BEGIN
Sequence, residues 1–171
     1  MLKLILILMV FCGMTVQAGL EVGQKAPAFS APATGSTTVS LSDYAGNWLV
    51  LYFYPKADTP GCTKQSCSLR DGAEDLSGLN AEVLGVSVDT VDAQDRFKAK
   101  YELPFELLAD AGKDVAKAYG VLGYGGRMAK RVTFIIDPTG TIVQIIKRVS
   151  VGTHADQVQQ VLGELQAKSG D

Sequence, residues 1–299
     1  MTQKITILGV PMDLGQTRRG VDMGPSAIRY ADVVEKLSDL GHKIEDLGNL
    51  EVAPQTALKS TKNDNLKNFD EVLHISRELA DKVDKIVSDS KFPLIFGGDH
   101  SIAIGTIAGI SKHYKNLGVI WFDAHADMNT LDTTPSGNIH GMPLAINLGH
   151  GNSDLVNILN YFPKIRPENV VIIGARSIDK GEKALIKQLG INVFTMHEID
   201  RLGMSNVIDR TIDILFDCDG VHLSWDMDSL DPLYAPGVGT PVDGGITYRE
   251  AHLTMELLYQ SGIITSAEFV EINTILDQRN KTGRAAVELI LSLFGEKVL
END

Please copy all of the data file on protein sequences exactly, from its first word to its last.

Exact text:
Sequence, residues 1–171
     1  MLKLILILMV FCGMTVQAGL EVGQKAPAFS APATGSTTVS LSDYAGNWLV
    51  LYFYPKADTP GCTKQSCSLR DGAEDLSGLN AEVLGVSVDT VDAQDRFKAK
   101  YELPFELLAD AGKDVAKAYG VLGYGGRMAK RVTFIIDPTG TIVQIIKRVS
   151  VGTHADQVQQ VLGELQAKSG D

Sequence, residues 1–299
     1  MTQKITILGV PMDLGQTRRG VDMGPSAIRY ADVVEKLSDL GHKIEDLGNL
    51  EVAPQTALKS TKNDNLKNFD EVLHISRELA DKVDKIVSDS KFPLIFGGDH
   101  SIAIGTIAGI SKHYKNLGVI WFDAHADMNT LDTTPSGNIH GMPLAINLGH
   151  GNSDLVNILN YFPKIRPENV VIIGARSIDK GEKALIKQLG INVFTMHEID
   201  RLGMSNVIDR TIDILFDCDG VHLSWDMDSL DPLYAPGVGT PVDGGITYRE
   251  AHLTMELLYQ SGIITSAEFV EINTILDQRN KTGRAAVELI LSLFGEKVL